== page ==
Within the Canadian context, concepts of peer relationships and friendship are currently understudied. There is a dearth of literature about early childhood peer culture—especially what occurs with very young children. Much of what is available is focused on peer relationships in a school setting and has a decided psychological approach, especially in relation to conflict and bullying. However, there are a couple of recent trends in the literature: first, toward schoolwide initiatives to address bullying that assume a more holistic approach, and, second, implementation of Aboriginal/Indigenous ways of knowing and the particular needs of this culture in considerations of early childhood.
Canada does not have a national strategy for early childhood education and therefore it is managed differently according to province and territory. For example, within Ontario every child aged 3.8 can attend free, full-day Kindergarten (Ontario Ministry of Education 2016), thereby essentially moving preschool children into the school setting in this province. As a result, behaviors that may normally be associated with a school setting are now being noticed in younger children. Or are preschool teachers seeing different behaviors because younger children are spending longer in school? According to Coplan and colleagues (2015), most often children’s first formal peer group starts with their early childhood classrooms where social skills are emphasized and valued by preschool teachers. Furthermore, “preschool teachers are thought to play a particularly critical role in the facilitation of children’s social development” (Kemple 2004 as cited in Coplan et al 2015: 1). Therefore, both adults and children can contribute to establishing friendships in preschool years.
This need for the teaching of social skills in Canadian preschools is corroborated by Mize (2005), who asserts that the predictive power of early peer relationships is based on the transactional social system that can be found in preschooler interactions. For example, children play with those with whom they share interests and behavioral characteristics. Cooperative play among peers can be reinforced, and those children “who play co-operatively with peers become better liked over time” (Mize 2005: 1). Mize (2005) further suggests offering social-skills programs in preschool settings as an intervention for children who struggle to make positive peer relationships so that they are not further marginalized as they enter the school system. Thus, teacher guidance and peer support are needed in order to build positive peer relationships.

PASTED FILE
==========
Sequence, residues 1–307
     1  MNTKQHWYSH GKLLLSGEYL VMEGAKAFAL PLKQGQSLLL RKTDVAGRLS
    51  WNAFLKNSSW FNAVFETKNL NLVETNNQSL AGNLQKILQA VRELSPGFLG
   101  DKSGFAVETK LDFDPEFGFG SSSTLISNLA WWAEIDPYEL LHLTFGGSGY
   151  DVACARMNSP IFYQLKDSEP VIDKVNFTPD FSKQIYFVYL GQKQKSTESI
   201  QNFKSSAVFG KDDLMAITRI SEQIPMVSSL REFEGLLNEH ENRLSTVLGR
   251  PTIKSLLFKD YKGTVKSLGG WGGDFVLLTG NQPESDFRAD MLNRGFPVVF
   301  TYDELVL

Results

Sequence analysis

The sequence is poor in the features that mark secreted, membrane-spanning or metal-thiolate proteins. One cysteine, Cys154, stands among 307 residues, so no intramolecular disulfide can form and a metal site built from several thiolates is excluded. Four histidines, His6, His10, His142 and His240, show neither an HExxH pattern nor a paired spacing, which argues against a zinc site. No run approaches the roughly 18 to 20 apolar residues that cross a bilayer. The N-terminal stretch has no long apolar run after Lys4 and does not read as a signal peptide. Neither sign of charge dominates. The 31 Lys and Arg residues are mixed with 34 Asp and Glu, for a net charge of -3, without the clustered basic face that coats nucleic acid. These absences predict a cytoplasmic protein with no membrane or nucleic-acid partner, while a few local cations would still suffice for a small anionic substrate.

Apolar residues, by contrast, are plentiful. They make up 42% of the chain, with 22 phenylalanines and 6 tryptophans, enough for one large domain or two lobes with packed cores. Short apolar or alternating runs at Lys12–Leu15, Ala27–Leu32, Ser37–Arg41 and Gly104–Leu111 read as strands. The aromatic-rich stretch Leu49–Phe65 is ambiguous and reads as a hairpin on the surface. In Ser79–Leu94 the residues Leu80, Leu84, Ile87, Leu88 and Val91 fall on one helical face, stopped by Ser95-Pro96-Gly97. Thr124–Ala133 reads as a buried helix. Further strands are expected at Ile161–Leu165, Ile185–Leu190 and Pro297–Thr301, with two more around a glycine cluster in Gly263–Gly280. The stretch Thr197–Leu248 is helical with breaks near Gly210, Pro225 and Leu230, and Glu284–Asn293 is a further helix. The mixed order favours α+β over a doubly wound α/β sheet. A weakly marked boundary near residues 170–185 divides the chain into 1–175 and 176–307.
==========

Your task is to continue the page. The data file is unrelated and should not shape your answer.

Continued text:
A component of preschool peer interaction is teasing. Harwood (2008) contends that teasing differs from bullying and “involves skills of social understanding, understanding of intention, pretense, non-literal communication, and emotion regulation,” and “children’s capabilities with these skills may affect the nature, form, and intent of teases as well as the responses generated to teasing scenarios” (Harwood 2008: 16). Harwood (2008) has further recommended that opportunities and resources need to be provided for children to have conversation and further discussion about different teasing situations through a variety of activities, such as role-play, guided reading, and puppet shows, so that children can better deal with different peer interactions like teasing situations. Indeed, positive preschool culture in early childhood settings plays a significant role in fostering positive friendship among young children.
Education is a provincial responsibility in Canada. However, most Canadian children spend about 7 hours a day for 180 days of the year in school (OECD 2013). It is no surprise, therefore, that bullying is a problem that touches most children and youth at some point in their school years (Pepler and Craig 2007). According to Statistics Canada (2012), 47 percent of parents report having a child who is a victim of bullying, and it is helpful to use relationship-based solutions as opposed to working only with “the bully, the bullied, and the by-stander” (Craig, Peppler, and Atlas 2000). In Ontario, for example, where children as young as 3.8 years of age are now in the school system full time, there has been a concerted effort to focus on self-regulation in full day kindegarten (FDK) settings (Becker and Mastrangelo 2017). Becker and Mastrangelo (2017: 20) also indicate that Stuart Shanker’s (2012) text Calm, Alert, and Learning: Classroom Strategies for Self-Regulation is widely used “to help children articulate their emotions and help them develop both calming and alerting strategies to use as needed” and to help kindergarten teams “realize the difference between a stress behaviour and a misbehaviour,” so as to further support children to manage their emotions in groups.